By AMERICAN HEART ASSOCIATION NEWS
Music-industry veteran Shanti Das grew up in an Atlanta neighborhood considered a food desert — heavy on fast-food restaurants and limited on access to grocery stores with fresh fruits, vegetables and other healthy food choices.
In addition, high blood pressure runs rampant in her family and her brother has suffered from heart disease.
So, when Das left New York – where she had been working as a music executive for such companies as Columbia Records and Motown – to move back home, she wanted to see easier access to healthy food and lifestyle options.
She also had another significant motivation: staggering statistics.
Heart disease is the No. 1 killer of all Americans, and stroke is the No. 5 cause of death. African-Americans are two to three times more likely to die from heart disease than white people, according to the American Heart Association.
African-Americans, Hispanics, Latinos and other ethnic minorities have higher rates of premature death from cardiovascular diseases. They also are at higher risk for high blood pressure, obesity, diabetes and other risk factors for heart disease and stroke.
Developing these diseases is preventable in many cases by adopting healthier habits, Das said, and that’s the message she wants to help spread in her new role with the EmPOWERED To Serve campaign.
“One of the goals for me being the national ambassador is to really help bring about as much awareness as I can particularly for the American Heart Association with this being a multicultural initiative,” said Das, who has worked with artists such as Usher, Outkast, Toni Braxton and TLC. “I want to use my influence in the entertainment industry to spread the message and to help create healthier lifestyles and open up opportunities and access in our urban communities.”
That awareness can make a stark difference in life expectancy, experts say.
“In New Orleans, life expectancy in one neighborhood is 55 years and only five miles away, it is 80. In Philadelphia, the gap in life expectancy between zip codes is 20 years,” writes Kristi Durazo, senior strategy advisor and social determinant of health expert at the American Heart Association. “The differences in neighborhoods and their opportunity to access resources like healthy food, education, good jobs, banks, doctors, stable housing are just as stark.”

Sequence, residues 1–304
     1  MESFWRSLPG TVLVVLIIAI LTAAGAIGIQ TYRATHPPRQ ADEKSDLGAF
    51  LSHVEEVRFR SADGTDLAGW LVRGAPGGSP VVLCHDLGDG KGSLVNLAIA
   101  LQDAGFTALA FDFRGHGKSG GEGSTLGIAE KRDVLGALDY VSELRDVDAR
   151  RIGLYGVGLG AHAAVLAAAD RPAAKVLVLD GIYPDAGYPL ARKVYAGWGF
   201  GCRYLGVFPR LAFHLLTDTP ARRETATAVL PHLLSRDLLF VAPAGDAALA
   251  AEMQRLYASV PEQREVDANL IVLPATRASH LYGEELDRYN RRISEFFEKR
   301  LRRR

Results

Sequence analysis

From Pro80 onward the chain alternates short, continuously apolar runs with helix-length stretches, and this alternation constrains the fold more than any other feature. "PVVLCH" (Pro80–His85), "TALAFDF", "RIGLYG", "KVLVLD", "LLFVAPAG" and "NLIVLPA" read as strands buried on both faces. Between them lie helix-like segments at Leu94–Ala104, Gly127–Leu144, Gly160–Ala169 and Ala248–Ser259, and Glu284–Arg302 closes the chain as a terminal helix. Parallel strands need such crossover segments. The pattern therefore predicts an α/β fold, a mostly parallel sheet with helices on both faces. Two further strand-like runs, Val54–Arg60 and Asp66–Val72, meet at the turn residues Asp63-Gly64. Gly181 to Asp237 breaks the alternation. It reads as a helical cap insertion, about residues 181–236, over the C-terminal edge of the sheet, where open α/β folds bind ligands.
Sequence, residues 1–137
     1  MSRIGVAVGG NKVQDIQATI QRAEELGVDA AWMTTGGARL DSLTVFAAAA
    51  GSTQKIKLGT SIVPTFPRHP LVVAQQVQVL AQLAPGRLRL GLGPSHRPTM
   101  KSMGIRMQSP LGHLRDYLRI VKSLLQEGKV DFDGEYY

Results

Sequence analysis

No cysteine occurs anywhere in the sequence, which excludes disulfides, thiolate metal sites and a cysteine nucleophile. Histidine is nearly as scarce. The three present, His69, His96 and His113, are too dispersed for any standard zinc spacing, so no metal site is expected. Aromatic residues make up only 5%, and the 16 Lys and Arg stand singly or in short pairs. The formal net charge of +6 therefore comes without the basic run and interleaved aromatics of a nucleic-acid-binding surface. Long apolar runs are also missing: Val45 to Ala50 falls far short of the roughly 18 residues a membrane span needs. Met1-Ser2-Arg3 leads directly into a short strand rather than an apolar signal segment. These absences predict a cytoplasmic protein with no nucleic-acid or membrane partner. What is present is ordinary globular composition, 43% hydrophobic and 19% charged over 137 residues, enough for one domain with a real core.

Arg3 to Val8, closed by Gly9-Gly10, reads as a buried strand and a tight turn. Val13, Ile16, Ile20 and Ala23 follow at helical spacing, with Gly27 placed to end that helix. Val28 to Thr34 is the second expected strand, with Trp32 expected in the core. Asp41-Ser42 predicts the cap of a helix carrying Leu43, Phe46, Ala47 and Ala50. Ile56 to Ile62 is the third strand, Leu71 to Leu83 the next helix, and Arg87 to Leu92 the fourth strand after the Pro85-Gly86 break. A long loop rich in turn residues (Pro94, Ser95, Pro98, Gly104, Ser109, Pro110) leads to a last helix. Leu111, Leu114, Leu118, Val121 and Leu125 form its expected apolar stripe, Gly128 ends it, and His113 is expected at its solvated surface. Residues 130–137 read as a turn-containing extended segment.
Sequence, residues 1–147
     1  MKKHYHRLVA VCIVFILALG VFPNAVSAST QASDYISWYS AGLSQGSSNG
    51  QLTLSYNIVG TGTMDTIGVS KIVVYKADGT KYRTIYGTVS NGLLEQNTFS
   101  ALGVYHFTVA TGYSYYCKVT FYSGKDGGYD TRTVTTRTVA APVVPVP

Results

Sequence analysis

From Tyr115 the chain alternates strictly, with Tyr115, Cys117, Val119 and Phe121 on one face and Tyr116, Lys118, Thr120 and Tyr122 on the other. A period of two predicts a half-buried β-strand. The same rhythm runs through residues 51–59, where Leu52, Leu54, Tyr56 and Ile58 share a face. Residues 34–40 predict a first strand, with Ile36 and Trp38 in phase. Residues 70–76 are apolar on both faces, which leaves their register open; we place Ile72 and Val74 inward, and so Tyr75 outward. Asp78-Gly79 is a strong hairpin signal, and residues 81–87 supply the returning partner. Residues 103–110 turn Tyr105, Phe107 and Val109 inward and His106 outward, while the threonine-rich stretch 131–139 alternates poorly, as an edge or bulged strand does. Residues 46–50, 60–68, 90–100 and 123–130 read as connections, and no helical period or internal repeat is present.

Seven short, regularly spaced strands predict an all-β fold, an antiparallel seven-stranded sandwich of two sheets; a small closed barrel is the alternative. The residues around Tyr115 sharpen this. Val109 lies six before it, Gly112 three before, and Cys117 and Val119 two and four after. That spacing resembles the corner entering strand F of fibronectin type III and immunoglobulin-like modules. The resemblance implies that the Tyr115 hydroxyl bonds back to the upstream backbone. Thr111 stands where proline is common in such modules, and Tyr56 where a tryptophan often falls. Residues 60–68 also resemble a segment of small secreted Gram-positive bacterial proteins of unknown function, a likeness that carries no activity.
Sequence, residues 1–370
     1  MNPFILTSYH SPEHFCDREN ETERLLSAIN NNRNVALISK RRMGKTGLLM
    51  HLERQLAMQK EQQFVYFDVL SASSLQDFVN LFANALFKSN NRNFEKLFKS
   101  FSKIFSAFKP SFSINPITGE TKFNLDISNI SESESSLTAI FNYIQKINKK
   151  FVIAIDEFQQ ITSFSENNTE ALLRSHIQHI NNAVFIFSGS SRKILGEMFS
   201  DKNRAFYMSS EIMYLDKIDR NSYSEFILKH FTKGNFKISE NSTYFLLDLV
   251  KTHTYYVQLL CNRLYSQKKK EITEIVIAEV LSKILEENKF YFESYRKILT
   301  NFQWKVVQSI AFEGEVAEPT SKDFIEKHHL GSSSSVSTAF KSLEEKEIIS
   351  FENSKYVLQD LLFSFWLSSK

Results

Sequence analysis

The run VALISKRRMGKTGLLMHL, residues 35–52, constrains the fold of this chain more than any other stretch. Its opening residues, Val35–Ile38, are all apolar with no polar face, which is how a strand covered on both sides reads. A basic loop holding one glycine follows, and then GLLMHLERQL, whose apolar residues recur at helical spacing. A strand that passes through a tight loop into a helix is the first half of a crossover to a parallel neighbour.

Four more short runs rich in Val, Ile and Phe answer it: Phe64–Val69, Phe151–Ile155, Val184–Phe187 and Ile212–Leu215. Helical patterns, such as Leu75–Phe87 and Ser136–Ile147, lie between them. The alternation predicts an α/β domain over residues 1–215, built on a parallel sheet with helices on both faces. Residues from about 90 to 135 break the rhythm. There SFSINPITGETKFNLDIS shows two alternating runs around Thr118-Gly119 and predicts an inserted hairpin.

Her top priority is recruiting others to the EmPOWERED To Serve movement and speaking out about the benefits of healthy eating and exercise to help people extend their lives. She’s also in the beginning stages of working with civic and government leaders in Atlanta to bring healthier food and business options into urban neighborhoods and push for zoning laws on fast-food restaurants.
“This is such an amazing campaign,” said Das, who is hoping to “get our friends and family members on board so that we can cut down the number of cases of high blood pressure and stroke and heart disease in the urban community.”
She’s also recruiting others to join the EmPOWERED To Serve movement, on which Das is a national ambassador.
Good or bad health in communities is affected by societal and environmental factors, known as social determinants of health. These are the conditions in which people are born, grow, live work, and age. They are shaped by the distribution of money, power and resources.
“I hope that we can get folks to organize and really help to fight some of the social determinants that exists in our communities,” she said.